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A veneer hammer project.

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Adam W.

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I'm making a veneer hammer, as I'm fed up with using the back of my saw for veneering.

Currently it looks like this...


IMG_0457.JPG


But I want it to look like this....

IMG_0456.JPG



So I'm asking for a little help from the dovetail masters with attaching one to the other

What's the best way to go about setting out a long sliding dovetail and cutting it by hand ?
 

dzj

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That's fancy!
I too should get round to making one before i retire. :)
Currently using an old piece of bakelite.
 

Adam W.

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I thought it was about time I smartened up.......been too scruffy for too long.

The walnut was interesting to carve, as the grain was a bit wacky, but It kind of worked.
 

Inspector

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Silly of me to ask I suppose 🤔 but why not just glue the two pieces together since modern glues are stronger than the wood anyway. Perhaps not as pretty though. The one my father made just has a table saw cut and a piece of brass inserted, rounded and polished a little. He did repairs with it for a couple dozen years in his business before retiring.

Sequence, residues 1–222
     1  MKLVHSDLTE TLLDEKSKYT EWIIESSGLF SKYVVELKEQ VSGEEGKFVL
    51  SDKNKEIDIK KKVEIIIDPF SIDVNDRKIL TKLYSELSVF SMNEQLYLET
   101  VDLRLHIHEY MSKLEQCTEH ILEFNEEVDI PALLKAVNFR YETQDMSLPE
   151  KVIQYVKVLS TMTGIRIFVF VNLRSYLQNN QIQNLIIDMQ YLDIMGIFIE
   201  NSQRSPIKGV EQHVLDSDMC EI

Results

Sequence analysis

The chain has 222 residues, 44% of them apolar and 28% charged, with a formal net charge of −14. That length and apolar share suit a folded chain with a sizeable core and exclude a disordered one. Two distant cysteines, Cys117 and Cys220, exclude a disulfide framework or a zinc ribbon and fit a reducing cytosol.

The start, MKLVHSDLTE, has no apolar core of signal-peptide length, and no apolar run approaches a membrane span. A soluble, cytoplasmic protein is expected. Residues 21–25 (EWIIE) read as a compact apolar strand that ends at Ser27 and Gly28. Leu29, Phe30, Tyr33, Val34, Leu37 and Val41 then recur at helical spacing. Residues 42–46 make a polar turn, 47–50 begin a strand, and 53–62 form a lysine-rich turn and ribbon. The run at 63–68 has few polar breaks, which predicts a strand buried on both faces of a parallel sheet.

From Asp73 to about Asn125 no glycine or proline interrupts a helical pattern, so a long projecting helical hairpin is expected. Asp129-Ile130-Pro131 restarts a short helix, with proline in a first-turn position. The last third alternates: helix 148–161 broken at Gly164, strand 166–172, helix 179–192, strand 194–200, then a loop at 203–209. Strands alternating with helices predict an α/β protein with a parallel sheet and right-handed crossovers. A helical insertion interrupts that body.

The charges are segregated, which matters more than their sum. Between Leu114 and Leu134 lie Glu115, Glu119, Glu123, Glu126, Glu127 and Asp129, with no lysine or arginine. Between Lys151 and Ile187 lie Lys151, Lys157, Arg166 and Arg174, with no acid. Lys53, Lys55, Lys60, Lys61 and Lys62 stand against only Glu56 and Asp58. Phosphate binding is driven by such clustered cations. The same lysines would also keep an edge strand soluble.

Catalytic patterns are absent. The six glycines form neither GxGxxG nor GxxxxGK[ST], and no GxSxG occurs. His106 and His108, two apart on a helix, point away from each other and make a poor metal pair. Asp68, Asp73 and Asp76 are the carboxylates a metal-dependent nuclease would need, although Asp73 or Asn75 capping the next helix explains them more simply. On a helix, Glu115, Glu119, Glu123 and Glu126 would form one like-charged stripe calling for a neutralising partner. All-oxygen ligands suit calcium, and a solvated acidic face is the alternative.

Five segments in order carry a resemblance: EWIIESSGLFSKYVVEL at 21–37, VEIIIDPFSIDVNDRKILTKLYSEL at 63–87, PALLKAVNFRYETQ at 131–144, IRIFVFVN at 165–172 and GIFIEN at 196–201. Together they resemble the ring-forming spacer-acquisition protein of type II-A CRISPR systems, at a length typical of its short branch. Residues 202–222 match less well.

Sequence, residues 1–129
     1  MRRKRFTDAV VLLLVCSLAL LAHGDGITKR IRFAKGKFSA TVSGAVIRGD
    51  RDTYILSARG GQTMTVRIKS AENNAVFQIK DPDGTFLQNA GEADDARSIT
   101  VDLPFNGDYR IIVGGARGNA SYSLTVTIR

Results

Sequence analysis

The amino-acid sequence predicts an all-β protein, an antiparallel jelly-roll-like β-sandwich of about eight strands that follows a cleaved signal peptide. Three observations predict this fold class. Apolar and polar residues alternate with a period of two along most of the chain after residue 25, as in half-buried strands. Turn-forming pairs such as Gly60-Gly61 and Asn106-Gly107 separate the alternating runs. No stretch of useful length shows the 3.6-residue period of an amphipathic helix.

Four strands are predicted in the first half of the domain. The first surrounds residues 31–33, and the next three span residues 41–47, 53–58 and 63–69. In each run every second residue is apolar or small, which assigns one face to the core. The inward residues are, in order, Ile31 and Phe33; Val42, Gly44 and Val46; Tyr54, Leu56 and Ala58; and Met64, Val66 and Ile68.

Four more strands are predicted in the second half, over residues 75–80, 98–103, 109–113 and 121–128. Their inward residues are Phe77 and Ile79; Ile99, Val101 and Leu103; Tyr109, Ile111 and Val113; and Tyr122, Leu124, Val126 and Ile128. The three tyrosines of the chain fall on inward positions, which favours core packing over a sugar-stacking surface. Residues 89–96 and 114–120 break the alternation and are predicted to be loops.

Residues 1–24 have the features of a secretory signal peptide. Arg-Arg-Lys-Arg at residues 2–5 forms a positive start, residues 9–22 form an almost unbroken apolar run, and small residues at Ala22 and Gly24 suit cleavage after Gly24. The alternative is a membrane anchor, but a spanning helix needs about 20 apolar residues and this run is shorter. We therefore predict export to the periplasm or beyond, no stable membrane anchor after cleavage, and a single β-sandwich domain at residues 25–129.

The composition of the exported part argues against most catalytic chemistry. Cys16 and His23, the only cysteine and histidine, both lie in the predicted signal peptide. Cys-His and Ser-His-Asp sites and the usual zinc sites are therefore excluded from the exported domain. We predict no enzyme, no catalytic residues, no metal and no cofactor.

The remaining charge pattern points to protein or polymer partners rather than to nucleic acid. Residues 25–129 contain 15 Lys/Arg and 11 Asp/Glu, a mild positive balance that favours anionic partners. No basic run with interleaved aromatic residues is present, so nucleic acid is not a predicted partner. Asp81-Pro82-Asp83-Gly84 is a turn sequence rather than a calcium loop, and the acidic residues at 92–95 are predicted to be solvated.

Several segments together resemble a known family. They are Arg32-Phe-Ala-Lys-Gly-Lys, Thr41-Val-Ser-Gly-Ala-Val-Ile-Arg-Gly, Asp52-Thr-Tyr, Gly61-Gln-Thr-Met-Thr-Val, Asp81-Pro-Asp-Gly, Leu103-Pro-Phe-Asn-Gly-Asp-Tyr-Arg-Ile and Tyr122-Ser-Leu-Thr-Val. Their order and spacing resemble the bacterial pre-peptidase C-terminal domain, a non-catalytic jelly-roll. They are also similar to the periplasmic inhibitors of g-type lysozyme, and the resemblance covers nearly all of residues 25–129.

Adam W.

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Oh, you know....because.

I know it's going to get covered in glue, but I just fancy doing it whilst I wait for a flight to London. I've got some nice wood, so I might as well do it justice by cutting some nice joints.
 

ArferMo

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After a bit of research and looking at the chaps from Colonial Williamsburg and what they are using, I may go for boxwood instead of brass
I'd stick to brass so any glue won't.

I made one years ago and used 18 gauge brass sheet folded double, with the bend being the hammer edge.
 

Adam W.

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I'd stick to brass so any glue won't.

I made one years ago and used 18 gauge brass sheet folded double, with the bend being the hammer edge.
Point taken, but a lack of readily available brass may scupper that.

So far.... Unfortunately I split the side of the tail a bit, but it's now glued together for ever.

IMG_0466.JPG
 

ArferMo

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Not really, as I'm in Denmark.
Well that is no barrier. Those offcuts are from a Chinese seller. Do you have scrap yards in Denmark? 10cms of brass strip is all you need. Or what about a short length of 25mm copper pipe. Heated and allowed to cool so as to anneal it. Then flatten by squashing in a vice.

There are umpteen solutions if you have the gumption to find them.

Some veneer is quite porous and hot glue can come through. A boxwood scraper is not a solution. It maybe what you want, as you seem very hung up on appearance, but function should be your main consideration. Form follows function.
 

Adam W.

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Well that is no barrier. Those offcuts are from a Chinese seller. Do you have scrap yards in Denmark? 10cms of brass strip is all you need. Or what about a short length of 25mm copper pipe. Heated and allowed to cool so as to anneal it. Then flatten by squashing in a vice.